Aristotle on Business

Aristotle on Business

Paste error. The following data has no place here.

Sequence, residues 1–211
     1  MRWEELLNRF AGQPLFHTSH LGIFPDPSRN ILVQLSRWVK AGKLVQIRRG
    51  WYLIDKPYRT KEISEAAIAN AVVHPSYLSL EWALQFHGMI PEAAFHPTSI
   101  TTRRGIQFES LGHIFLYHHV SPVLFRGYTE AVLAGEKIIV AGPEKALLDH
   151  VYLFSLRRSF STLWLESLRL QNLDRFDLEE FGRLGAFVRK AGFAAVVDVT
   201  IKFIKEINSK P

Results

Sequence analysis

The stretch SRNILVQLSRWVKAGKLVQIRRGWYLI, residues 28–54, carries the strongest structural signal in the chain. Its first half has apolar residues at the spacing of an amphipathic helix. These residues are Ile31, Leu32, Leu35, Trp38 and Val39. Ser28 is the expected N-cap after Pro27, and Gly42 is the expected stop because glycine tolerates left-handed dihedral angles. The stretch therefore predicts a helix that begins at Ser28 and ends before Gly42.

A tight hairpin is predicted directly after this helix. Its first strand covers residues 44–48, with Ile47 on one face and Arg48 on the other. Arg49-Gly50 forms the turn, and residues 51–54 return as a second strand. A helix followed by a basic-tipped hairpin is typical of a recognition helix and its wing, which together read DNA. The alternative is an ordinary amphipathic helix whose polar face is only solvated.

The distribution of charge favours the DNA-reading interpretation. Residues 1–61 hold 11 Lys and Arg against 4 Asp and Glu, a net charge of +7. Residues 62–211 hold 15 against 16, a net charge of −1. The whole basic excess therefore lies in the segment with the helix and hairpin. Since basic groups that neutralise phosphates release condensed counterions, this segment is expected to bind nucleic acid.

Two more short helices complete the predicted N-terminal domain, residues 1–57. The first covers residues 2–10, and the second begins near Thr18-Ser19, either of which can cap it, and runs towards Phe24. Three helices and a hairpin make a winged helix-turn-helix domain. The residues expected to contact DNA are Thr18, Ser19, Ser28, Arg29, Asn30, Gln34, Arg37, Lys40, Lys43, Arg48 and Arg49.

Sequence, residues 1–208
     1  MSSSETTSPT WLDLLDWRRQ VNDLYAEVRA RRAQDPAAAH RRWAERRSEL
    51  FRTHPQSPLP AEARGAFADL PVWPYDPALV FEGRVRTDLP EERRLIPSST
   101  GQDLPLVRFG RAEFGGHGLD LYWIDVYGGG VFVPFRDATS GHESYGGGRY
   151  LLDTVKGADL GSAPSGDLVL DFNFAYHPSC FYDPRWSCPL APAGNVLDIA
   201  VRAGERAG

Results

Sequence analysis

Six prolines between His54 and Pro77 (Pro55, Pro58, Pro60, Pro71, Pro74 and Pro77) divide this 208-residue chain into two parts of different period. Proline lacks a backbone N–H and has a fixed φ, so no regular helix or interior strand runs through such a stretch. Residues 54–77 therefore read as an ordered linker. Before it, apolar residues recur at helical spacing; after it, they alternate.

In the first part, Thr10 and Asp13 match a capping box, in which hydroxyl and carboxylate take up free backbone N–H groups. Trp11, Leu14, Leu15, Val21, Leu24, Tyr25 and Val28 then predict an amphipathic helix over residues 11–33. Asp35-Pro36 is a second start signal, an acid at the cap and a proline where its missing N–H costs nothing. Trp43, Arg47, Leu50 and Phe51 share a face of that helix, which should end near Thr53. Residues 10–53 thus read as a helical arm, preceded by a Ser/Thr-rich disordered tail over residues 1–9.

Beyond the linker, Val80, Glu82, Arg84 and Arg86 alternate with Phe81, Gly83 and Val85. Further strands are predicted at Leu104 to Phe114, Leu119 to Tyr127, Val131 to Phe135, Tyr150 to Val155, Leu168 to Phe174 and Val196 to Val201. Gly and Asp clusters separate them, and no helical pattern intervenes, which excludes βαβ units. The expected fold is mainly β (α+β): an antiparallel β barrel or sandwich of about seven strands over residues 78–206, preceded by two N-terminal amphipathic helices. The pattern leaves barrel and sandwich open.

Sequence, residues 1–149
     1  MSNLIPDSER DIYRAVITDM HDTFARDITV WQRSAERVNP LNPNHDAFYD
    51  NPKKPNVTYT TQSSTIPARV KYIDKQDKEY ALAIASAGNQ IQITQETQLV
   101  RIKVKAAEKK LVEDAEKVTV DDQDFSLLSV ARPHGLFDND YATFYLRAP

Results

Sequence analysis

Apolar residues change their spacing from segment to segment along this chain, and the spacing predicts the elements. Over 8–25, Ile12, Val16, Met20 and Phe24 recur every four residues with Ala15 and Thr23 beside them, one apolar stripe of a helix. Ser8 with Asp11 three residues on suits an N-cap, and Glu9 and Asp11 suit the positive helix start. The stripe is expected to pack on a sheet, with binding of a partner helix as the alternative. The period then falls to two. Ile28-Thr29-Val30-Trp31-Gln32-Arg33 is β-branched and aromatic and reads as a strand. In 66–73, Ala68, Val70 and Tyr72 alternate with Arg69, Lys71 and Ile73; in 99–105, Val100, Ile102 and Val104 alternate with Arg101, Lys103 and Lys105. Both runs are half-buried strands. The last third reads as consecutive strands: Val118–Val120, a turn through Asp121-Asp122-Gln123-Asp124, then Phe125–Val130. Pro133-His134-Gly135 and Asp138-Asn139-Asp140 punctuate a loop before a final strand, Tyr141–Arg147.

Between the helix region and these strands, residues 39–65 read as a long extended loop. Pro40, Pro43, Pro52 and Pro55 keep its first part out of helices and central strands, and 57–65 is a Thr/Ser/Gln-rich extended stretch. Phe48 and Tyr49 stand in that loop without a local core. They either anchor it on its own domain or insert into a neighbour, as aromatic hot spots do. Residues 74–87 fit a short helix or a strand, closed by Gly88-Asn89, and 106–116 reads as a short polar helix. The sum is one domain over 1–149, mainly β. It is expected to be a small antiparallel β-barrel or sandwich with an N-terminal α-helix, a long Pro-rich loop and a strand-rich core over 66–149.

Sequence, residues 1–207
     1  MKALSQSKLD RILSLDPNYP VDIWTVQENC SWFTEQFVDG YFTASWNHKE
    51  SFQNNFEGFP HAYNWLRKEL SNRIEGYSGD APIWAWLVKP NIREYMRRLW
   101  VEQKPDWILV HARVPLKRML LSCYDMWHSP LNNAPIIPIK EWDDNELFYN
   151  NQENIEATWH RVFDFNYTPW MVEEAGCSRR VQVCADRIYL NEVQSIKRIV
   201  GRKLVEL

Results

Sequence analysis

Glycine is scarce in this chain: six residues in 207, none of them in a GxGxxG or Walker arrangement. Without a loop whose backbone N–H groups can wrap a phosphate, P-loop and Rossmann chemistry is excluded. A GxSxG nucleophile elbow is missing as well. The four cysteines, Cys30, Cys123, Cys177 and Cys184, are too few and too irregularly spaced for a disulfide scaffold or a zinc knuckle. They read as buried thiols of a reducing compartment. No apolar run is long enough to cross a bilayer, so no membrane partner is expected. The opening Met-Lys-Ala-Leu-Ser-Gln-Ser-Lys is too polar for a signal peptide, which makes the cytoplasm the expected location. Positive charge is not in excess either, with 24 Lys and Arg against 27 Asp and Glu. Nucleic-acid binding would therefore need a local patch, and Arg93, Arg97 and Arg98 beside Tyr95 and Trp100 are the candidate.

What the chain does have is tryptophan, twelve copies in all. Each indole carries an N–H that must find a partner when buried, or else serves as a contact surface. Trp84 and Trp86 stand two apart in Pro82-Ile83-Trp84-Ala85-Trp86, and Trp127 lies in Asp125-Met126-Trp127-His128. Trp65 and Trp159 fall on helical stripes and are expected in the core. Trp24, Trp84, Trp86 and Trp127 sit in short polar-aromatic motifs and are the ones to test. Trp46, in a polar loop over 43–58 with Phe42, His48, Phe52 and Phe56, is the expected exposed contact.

Aristotle on Business